With this background of a long-
Radio Caroline North, however, soon became accepted by the Isle of Man Government and the Manx people in general. Constant on-
The Island and its people did not forget this in 1967 when the British Government tried to impose legislation on the Manx statute book outlawing Radio Caroline and a bitter constitutional dispute ensued.
Radio Caroline North started the new year with some problems caused by rough weather on the night of 13th/14th January 1965 when the starboard anchor chain snapped. With the other anchor unable to hold in the severe storm, the MV Caroline began to drift, but eventually the Captain managed to manoeuvre the ship so that she remained outside territorial waters and rode out the storm. Within a week a new one and a half ton anchor and four and a half ton chain were installed on board the radio ship.
A milestone was reached at Easter 1965 when Radio Caroline celebrated its first birthday. To mark the occasion the station introduced four 'Bell Awards' which were presented to various artists for their contribution to musical entertainment during the preceding twelve months. Recipients were -
Birthday messages and greetings from over twenty artists were also recorded and included in programmes on both the North and South Caroline stations during the Easter weekend.
Nationally Radio Caroline's advertising income fell dramatically during 1965. Radio London was picking up all the lucrative commercial contracts to the detriment of Caroline South. The bulk of the Caroline network's revenue was coming as the result of national campaigns, which included the coverage area of Caroline North -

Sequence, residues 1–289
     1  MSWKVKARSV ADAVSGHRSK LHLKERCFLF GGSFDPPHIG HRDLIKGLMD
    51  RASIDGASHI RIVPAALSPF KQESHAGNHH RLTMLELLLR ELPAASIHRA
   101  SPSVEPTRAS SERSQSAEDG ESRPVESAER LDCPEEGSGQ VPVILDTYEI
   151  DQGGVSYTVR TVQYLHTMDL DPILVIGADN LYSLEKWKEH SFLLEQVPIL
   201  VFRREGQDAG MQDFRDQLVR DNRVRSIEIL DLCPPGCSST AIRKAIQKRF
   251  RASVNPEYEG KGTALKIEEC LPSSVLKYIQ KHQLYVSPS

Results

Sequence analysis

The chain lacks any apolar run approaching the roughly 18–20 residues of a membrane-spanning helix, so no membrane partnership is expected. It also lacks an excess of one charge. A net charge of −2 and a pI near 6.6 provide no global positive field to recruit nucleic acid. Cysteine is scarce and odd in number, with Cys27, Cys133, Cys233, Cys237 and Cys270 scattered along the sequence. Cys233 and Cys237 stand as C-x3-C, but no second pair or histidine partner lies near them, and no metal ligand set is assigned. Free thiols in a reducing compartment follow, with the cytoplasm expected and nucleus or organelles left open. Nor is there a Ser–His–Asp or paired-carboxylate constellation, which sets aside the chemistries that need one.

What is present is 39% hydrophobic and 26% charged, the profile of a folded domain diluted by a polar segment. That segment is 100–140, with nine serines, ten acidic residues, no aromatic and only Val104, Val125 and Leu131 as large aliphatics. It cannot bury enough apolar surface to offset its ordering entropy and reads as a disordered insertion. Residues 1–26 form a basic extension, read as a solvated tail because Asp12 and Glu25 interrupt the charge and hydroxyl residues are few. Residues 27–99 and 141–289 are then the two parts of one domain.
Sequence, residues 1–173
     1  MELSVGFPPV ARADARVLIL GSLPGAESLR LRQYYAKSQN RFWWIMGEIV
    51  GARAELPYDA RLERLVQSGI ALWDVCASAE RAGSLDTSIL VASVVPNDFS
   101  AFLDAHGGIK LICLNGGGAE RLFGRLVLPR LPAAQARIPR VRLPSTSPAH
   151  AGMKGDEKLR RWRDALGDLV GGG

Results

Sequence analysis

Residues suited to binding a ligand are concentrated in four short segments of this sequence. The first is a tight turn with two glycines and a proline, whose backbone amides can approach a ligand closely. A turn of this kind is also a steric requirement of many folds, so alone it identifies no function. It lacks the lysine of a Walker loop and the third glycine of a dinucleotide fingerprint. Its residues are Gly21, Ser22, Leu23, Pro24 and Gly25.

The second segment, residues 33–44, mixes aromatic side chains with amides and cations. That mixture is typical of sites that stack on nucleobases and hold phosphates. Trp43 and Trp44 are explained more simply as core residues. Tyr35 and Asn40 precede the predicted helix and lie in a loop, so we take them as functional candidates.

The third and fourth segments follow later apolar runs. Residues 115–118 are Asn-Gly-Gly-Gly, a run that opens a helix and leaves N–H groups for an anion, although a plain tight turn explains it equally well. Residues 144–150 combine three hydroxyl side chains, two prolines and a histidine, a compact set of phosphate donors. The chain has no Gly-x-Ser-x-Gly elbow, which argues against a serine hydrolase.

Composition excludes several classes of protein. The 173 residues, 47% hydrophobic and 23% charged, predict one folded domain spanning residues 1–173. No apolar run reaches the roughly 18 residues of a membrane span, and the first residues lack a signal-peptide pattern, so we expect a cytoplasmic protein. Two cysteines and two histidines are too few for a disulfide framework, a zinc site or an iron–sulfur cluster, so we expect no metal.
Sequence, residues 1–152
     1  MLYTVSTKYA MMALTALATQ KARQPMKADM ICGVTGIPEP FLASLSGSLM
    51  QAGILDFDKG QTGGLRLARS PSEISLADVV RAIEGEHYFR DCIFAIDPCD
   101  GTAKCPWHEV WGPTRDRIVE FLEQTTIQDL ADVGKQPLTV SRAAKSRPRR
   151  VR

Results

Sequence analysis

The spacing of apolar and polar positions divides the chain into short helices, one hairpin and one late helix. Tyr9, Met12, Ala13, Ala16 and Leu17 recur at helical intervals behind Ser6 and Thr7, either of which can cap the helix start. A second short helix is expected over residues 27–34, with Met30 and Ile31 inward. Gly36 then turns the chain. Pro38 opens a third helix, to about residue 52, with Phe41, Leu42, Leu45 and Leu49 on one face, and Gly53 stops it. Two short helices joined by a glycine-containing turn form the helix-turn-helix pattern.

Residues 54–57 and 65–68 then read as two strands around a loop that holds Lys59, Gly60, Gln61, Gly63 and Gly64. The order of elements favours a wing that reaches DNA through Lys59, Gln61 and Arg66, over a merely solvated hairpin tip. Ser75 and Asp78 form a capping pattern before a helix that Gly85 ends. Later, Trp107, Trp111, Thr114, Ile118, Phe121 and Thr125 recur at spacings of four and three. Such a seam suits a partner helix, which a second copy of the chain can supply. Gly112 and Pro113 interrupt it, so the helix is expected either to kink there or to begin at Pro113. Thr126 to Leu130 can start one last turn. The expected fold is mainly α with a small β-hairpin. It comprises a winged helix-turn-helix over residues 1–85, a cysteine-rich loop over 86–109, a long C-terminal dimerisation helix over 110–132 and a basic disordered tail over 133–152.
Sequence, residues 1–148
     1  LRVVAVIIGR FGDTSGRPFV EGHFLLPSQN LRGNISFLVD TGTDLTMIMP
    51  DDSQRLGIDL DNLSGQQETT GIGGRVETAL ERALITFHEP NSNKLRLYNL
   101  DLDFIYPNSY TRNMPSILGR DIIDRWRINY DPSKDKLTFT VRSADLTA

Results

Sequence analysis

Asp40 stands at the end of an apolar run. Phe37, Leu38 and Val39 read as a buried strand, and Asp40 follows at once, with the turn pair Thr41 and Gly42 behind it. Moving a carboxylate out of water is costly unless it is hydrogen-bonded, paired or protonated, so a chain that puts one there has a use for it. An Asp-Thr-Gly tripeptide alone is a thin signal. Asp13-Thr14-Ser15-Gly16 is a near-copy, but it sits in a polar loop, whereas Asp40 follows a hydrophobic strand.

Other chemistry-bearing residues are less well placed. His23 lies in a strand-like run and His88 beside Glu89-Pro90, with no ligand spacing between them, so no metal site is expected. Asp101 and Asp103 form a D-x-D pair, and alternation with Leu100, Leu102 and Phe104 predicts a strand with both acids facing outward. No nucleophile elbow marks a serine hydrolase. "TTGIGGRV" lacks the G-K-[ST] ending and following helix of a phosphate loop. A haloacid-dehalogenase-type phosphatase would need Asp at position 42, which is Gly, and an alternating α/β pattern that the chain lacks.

Caroline North itself was highly successful at this time and in fact throughout its entire life. There are a number of reasons for this, but it must always be remembered that Radio Caroline North held a unique monopoly position and although other stations were planned to compete for northern audiences none ever materialised. Caroline North experienced some minor competition in 1966, but only on the fringe of its coverage area, from Radio Scotland (particularly while that station was anchored off the west coast of Scotland and off Northern Ireland) and Radio 270 (anchored off Yorkshire). However, neither of these smaller stations made any dramatic impact into Caroline North's primary area and the station always attracted a large and dedicated audience not only in the north of England, but in Wales, Scotland, Northern Ireland and along the east coast of Southern Ireland.
The programme output from Caroline North was always far more suited to its audience than that of Caroline South. Ronan O'Rahilly had maintained direct control over Caroline North after the merger with Radio Atlanta and gave DJs the freedom to play the music they knew listeners wanted to hear. Geographically, too, the station covered an area of the country which in the mid-
Caroline North also benefited from a talented team of DJs and in particular the first Programme Director Tom Lodge, who was responsible for deciding the station's programming style. It is no coincidence that in 1966 Tom Lodge together with another successful Caroline North DJ, Mike Ahearn, were brought south to help re-
Airtime sales -
First birthday greetings from the stars, March 1965
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30th March 1965
Radio Caroline North promoted a live concert -
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Promotion for Radio Caroline Record Shops
Caroline North DJ line-
Ship and Location
News footage showing the DJs and tender in Ramsey Harbour and life on board MV Caroline